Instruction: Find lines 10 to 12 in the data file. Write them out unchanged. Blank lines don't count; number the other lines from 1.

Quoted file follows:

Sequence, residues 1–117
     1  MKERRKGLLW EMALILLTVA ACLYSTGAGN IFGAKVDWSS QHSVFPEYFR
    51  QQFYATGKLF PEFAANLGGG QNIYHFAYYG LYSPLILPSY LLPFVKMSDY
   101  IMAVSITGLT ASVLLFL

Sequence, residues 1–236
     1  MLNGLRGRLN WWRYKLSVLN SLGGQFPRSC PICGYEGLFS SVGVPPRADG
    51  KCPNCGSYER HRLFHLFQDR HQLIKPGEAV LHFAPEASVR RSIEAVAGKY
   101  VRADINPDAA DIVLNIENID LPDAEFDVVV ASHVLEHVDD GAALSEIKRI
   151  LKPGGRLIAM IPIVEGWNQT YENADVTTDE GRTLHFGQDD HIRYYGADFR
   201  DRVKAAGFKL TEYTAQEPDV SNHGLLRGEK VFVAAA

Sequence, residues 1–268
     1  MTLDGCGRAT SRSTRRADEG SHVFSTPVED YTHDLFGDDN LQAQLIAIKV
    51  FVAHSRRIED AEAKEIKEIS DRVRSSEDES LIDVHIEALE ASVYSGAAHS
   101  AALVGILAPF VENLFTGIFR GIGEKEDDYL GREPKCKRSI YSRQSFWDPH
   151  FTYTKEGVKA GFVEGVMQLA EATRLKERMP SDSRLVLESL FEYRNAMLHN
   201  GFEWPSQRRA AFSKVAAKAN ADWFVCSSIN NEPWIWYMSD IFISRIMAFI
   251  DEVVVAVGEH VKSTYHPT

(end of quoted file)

   201  DRVKAAGFKL TEYTAQEPDV SNHGLLRGEK VFVAAA

Sequence, residues 1–268
     1  MTLDGCGRAT SRSTRRADEG SHVFSTPVED YTHDLFGDDN LQAQLIAIKV